Sub-theme 64: Is Something New Growing in the Shadow of Formal Organizations?
Call for Papers
The concept of 'shadow organizing' is proposed as a theoretical tool for discussing the multi-layering that is taking
place in current society: new arrangements and new forms of organizing that live side-by-side with more established formal
organizations. The concept is metaphorical, and through various analogies of protection, grey zones, secrecy, Jungian shadow,
or other images, it allows for investigating the dynamics of organizing that emerge in the shadow.
In fact, the rise of the global economy means a radical change in work and organizational forms. These conditions mark an important shift in organizational logic, raising the question of how activities can be co-ordinated across space and time and whether co-ordination should be understood as the effect of an intentional activity or as an emergent phenomenon. The idea that 'something' is growing in the shadow sheds light on unconventional ways of organizing that may emerge either in complicity with formal organizations or in opposition to their pervasive power.
We invite papers that illustrate and discuss organizational interactions that are not bound by specific forms of organizational control and co-ordination, but instead stretch into a globalized space. These may be conceptualized as an emergence of global micro-structures (Knorr-Cetina, 2005; Knorr-Cetina & Bruegger, 2002) that deal with complexity. The idea of global micro-structures refers to forms of connectivity that instantiate self-organizing principles and patterns. Its basic intuition is that genuinely global forms (i.e., fields of practice that link up and stretch across multiple organizational forms) need not imply further expansion of social institutional complexity.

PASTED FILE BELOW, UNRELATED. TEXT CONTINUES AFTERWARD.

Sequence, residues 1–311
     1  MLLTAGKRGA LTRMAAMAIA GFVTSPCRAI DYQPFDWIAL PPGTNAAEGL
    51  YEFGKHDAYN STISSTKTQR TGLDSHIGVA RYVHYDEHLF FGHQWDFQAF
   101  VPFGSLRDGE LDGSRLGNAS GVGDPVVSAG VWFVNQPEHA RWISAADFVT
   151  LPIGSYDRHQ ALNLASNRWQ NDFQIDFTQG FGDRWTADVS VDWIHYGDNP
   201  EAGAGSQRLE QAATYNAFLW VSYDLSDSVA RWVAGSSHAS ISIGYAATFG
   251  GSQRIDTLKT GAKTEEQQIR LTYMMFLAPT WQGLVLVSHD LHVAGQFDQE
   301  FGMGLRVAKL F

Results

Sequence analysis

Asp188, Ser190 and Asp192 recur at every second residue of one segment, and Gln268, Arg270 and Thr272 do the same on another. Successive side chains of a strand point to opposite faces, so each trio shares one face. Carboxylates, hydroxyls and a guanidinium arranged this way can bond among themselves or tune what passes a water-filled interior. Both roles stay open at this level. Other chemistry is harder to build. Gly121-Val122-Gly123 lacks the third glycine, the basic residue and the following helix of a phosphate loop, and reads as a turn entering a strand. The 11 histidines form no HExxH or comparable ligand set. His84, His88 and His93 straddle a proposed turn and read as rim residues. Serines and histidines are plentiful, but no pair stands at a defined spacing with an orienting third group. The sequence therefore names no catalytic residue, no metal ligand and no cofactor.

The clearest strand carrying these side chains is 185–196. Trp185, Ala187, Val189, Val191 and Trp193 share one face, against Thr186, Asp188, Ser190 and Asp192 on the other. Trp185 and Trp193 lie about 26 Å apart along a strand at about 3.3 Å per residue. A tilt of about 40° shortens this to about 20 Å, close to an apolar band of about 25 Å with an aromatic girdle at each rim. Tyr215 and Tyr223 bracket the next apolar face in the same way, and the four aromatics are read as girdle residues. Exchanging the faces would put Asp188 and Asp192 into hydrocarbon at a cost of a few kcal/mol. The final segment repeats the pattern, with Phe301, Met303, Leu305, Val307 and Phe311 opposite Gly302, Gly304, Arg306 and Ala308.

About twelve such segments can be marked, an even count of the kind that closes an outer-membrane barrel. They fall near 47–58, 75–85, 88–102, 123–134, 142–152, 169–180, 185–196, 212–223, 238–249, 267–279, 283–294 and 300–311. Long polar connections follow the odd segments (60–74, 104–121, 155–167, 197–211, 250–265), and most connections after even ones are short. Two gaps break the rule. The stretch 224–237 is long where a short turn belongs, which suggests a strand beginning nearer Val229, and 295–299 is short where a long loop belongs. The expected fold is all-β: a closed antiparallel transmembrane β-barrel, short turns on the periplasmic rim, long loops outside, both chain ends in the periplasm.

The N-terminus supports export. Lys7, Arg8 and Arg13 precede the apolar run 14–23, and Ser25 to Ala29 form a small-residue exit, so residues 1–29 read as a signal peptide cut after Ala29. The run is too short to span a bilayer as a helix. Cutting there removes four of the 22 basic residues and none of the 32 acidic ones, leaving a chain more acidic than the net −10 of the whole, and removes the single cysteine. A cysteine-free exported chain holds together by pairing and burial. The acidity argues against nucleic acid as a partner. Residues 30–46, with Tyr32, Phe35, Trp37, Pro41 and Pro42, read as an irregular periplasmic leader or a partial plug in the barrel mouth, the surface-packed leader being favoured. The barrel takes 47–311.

the roots of the concept of global micro-structures are found in organizations such as financial markets or terrorist groups,
we suspect that these organizational forms are more widespread than previously documented. For example, in the realm of the
professions and their organizations, informal arrangements live side by side with formal institutions and give rise to new
organizational forms. In exploring the connectivity between formal organizations and other forms of organizing, we invite
discussion about if and how organizations favor or obstruct organizing. To explore the dynamics of organizing that emerge
in these spaces and intersections, the concept of shadow organizing may prove useful.
Some questions that might help inform potential contributions include but are not limited to:
- What is growing in the shadow of formal organizations and how is it regarded/disregarded by them?
- What kind of exchanges and power relations keep organizing tight or loose?
- Are formal organizations an obstacle to organizing or are r they an incentive?
- What is the contribution that the concept of shadow organizing offers to organizational theory?
- How to develop a methodology for studying the grey zone between what is a formal organization and what is an informal way of organizing?
- Does shadow organizing hide itself also within formal organizations and more institutionalized ways of organizing?
- What characterizes the dynamics of shadow organizing in different contexts?
- Knorr-Cetina, K. (2005): "Complex global microstructures: The new terrorist societies." Theory, Culture & Society, 2 (5), 213–234.
- Knorr-Cetina, K., & Bruegger, U. (2002): "Global microstructures: The virtual societies of financial markets." American Journal of Sociology, 107 (4), 902–50.